Once again, the wide world of animation has produced an incredibly diverse and inspiring crop of shorts, exemplified by those films which have earned Oscar eligibility by wowing festival juries throughout the year. One of the most-lauded works of 2019 is Guaxuma, a deeply personal mixed-technique work by Brazilian filmmaker Nara Normande (Dia Estrelado, live-action short Heartless). Produced by Les Valseurs & Vilarejo Filmes, Guaxuma has won top awards at SXSW, Palm Springs ShortFest, Cinequest and Guadalajara (to name a few) as well as making the official selection of prestige animation festivals Annecy (France) and Anima Mundi (Brazil).
“…People, groups and regions that have been silenced for so long are starting slowly to have their own voices.”
Tell us how you came up with the concept for Guaxuma?
The beach [where] I spent my childhood (called “Guaxuma,” the same name of the short) is a source of inspiration for me. I had the will to do a film with a more personal approach, about my memories of that place that I left when I was aged 13. After my best friend had an accident, making this film became a necessity to me, so I wrote the script and some years later I was shooting Guaxuma.
What inspired you to use a variety of animation techniques?
Guaxuma is a film about my memories and dreams and to represent them I wanted to mix different styles of animation with the sand as the basis to sew the narrative. The story is set on the beach and the sand gives this idea of transience of time.
How long did it take to produce the short? How many people worked on it?
We spent two years and eight months since the production began (with some pauses in between). During the process, 12 animators collaborated, 13 with me. The whole team is around 50 people from different countries (Brazil, France, Portugal and Canada).
What was it like returning to animation after making a live-action film?
For me it’s interesting to change — one time animation, one time live-action. It gives me a break, it’s healthy! Both are processes of creating films and I don’t see a huge difference. Of course, they have their particularities — in animation, for example, you should have a precise animatic before arriving on set to not lose time and money, and you have to be much more patient as the time of making it is much longer. To resume, it’s quite simple: in live-action you give the coordinates directly to the actors and in animation you give them to the animators that will then give to your characters.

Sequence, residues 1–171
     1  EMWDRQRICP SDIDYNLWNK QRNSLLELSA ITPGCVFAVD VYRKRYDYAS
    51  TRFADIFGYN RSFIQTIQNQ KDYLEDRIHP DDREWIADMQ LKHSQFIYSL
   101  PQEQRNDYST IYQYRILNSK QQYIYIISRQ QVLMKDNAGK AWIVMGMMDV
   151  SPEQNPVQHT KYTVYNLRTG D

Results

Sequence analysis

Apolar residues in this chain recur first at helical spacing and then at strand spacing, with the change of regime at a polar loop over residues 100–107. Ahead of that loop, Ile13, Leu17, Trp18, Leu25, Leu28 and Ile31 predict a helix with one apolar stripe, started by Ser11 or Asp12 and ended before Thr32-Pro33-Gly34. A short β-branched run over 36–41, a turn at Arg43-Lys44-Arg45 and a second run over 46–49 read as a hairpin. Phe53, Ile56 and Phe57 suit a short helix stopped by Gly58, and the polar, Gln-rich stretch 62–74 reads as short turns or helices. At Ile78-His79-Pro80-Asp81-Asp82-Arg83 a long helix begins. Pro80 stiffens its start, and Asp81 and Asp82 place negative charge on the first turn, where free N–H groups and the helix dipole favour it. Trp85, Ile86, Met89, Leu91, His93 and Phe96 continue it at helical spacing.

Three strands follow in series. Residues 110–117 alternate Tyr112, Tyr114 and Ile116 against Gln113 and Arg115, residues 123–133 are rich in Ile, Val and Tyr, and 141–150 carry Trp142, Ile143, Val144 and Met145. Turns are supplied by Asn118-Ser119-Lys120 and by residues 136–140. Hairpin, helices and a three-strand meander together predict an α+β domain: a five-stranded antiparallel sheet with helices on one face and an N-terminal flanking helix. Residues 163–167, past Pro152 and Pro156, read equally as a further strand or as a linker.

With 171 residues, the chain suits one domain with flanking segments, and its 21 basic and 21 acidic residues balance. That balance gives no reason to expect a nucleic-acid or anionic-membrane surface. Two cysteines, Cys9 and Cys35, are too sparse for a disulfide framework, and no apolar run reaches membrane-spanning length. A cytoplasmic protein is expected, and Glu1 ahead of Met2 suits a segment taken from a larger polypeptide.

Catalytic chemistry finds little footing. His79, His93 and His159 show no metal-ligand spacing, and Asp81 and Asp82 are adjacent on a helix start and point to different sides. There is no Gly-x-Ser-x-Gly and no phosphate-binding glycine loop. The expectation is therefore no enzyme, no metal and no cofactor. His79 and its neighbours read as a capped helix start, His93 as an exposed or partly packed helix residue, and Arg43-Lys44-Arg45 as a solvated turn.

What was the biggest challenge of creating Guaxuma? What are you most proud of?
I had some challenges in the process: to tell a very personal story to a big audience, find a co-producer and be able to get the necessary budget to make the film, coordinate a team coming from different parts of the world and to keep the motivation during the entire process. I did the film I wanted to do with a very nice team involved and I’m proud of it.
Are you pleased with the response from festivals and audiences?
I’m very happy with the response from festivals (we’ve reached the 60th award now) and it’s amazing to see how people from different cultures react to it, I’ve received such nice feedback (some very personal) and I’m deeply touched by them.
What do you think of the current independent animation scene around the world?
I think the independent animation scene nowadays is quite bursting and it’s becoming more diverse: people, groups and regions that have been silenced for so long are starting slowly to have their own voices. In Brazil, the animation was growing strong and fast, but we are now very worried about our future with this government of the extreme right in power. We are losing many rights and big events such as Anima Mundi only happened this year because of a crowdfounding campaign.
How did you get started in animation? Who are your animation heroes?
I had a strong connection with art when I was a child, I loved modelmaking, and my father who was a cinephile influenced me to like movies. When I was a teenager I watched some animated independent shorts that caught my attention, and when I was a bit older I discovered Jan Svankmajer and it changed my life — I was sure I wanted to work within this universe. There are lots of animators that inspired/inspire me, such as Michaela Pavlatova, Regina Pessoa and Michael Dudok de Wit, for example.
Now that Guaxuma is out in the world, what’s next for you?
I’m developing my first feature film A Garça (“The Heron”), co-written and co-directed by Brazilian filmmaker Tião (Heartless); a live-action coming of age story set on the beach. I’m also consulting on scriptwriting and direction for some animated shorts and I’m writing an animated TV series for children for a Brazilian public channel.
Learn more at http://lesvalseurs.com.